June/July 2105 News
Winter is definitely here, and with it some wild weather. Cold, wet, windy and dark, that’s our winter experience so far. Many of us are now very aware of those things we meant to do around the home last summer but just didn’t get around to doing. Its funny how we only remember those things when winter really hits… There are a growing number of examples in our community however, of how we can live well, while still respecting our environment. The solar installations are continuing, there’s more micro-wind as well, and more electric vehicles in use and being retrofitted. One household reported that on a particularly cold and wet day recently that they had generated 18KWh of electricity from micro-wind and 17.5 KWh from solar PV, had their electric car batteries charged and their floor heated. They’d managed to use all the power, rather than exporting it, and had enough for the night, all while keeping their house warm without any need to light the fire. Now that’s an inspiring example from the heart of winter!
This household example it not only an exemplary model for the rest of us, but is also a microcosm of what we hope we can achieve as a community. Residents living up Manse Road are very aware of the work underway to prepare for the new Waitati sub-station, which is to be the central electricity hub for the whole Blueskin area (from Long Beach to Seacliff and everything in between). The new sub-station will increase the reliability of our existing electricity supply, reducing or eliminating ‘brown-outs’. ‘Brown-outs’ are when the voltage drops – we usually notice it when the lights flicker or dim for a period. They reduce the life of electrical appliances and currently we get quite a few ‘brown-outs’ in Blueskin. The new sub-station will be a positive for the community for other reasons too. Firstly, it will move out of the flood zone, and so be more resilient in the event of extreme weather events. Secondly, it is being designed to accommodate the proposed new generation supply from the proposed wind development, which means that community wind once established, will feed into all our homes. Finally, it will also accommodate the increasing percentage of solar PV feeding back into the grid.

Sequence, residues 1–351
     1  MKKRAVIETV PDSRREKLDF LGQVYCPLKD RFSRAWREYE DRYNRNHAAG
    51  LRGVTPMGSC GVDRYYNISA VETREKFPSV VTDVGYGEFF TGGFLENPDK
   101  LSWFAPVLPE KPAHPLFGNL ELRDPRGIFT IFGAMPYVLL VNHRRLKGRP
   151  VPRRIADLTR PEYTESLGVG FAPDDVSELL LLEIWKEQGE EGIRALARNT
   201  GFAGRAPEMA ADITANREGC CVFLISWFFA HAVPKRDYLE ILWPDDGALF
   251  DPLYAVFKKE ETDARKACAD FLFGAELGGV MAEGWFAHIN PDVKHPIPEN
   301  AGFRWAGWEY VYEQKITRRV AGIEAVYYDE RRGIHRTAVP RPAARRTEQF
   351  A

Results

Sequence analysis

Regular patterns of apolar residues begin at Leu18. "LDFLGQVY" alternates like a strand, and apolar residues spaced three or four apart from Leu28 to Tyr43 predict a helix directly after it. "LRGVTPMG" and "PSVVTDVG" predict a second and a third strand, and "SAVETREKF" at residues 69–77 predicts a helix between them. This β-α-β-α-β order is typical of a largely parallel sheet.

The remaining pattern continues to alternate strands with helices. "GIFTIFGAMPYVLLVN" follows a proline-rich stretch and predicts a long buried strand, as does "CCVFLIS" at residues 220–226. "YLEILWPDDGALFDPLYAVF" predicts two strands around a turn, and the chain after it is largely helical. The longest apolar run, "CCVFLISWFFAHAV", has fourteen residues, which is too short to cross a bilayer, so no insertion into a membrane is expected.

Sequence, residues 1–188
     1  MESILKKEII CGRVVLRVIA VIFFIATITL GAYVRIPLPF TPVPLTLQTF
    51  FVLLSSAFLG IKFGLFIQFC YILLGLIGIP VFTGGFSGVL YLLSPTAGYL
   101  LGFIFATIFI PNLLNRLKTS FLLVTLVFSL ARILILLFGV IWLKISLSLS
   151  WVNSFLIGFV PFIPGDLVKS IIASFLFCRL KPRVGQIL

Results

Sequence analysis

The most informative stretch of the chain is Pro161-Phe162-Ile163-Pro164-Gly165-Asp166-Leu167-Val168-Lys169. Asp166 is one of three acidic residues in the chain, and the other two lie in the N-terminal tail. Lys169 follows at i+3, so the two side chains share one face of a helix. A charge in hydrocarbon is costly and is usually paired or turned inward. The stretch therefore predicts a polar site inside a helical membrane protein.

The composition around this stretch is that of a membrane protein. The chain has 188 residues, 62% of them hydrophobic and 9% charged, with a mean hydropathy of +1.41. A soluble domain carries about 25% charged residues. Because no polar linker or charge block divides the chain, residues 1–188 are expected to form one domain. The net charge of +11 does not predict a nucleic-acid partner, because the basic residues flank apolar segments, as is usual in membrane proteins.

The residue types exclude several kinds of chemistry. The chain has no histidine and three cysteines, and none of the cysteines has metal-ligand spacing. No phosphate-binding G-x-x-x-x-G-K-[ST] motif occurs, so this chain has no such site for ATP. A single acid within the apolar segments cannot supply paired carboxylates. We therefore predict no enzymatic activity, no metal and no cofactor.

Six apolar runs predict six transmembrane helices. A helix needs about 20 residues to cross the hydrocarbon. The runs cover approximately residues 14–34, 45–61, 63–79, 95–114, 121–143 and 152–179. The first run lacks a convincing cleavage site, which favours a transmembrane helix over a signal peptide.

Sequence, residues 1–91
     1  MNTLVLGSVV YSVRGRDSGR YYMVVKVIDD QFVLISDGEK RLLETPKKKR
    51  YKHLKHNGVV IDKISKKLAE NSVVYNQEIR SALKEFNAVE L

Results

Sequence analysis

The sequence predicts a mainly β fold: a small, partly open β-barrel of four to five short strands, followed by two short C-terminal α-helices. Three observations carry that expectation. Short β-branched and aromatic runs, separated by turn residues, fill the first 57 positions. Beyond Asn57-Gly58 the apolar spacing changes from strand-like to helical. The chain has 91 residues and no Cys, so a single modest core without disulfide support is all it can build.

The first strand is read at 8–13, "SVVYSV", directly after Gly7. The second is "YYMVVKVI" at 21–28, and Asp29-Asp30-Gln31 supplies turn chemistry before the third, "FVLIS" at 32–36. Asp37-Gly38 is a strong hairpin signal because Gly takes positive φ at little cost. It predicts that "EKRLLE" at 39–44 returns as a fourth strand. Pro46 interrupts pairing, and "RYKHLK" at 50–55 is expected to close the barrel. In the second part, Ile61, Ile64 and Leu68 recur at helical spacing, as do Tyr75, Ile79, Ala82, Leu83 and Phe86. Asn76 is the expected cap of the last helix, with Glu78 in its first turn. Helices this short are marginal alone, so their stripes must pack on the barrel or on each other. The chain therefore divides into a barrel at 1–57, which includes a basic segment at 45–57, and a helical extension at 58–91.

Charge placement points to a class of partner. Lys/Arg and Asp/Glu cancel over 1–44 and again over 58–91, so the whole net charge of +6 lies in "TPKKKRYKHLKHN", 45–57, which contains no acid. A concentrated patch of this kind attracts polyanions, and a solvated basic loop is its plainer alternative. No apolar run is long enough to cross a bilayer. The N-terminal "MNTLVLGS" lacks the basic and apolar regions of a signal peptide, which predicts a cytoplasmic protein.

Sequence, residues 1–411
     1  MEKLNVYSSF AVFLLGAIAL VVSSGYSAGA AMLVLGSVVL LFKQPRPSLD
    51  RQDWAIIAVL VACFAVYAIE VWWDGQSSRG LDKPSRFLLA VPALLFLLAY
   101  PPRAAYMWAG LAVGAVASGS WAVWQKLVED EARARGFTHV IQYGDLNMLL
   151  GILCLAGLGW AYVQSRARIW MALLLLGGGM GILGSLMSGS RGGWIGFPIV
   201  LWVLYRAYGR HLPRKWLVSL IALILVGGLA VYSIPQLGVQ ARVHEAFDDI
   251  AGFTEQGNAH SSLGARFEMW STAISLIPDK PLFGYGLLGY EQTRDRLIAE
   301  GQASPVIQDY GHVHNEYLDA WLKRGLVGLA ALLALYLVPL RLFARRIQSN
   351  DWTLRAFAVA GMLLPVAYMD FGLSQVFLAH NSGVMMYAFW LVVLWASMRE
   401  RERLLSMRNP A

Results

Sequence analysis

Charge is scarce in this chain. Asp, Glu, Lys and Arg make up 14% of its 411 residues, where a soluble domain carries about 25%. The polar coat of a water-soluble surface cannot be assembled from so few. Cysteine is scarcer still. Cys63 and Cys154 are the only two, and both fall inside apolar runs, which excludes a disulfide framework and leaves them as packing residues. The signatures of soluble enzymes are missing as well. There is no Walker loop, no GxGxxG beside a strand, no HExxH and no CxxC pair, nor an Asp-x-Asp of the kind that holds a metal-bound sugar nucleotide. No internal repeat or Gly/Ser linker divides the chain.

The beauty of these improvements is that they will accommodate the changes that many of us are already making as more and more of our electricity is locally produced. For those who just want the lights to stay on, there will be no real change, just greater voltage stability. We appreciate the thought and work that our local lines network Powernet has put into the local network as it makes our electricity network far more resilient and useful.
To stay in touch with developments, subscribe to our BRCT update via our website: www.brct.org.nz or pop into the office at 1121 Mt Cargill Rd, Waitati. Telephone enquiries can be made on 4822048. We love to have visitors!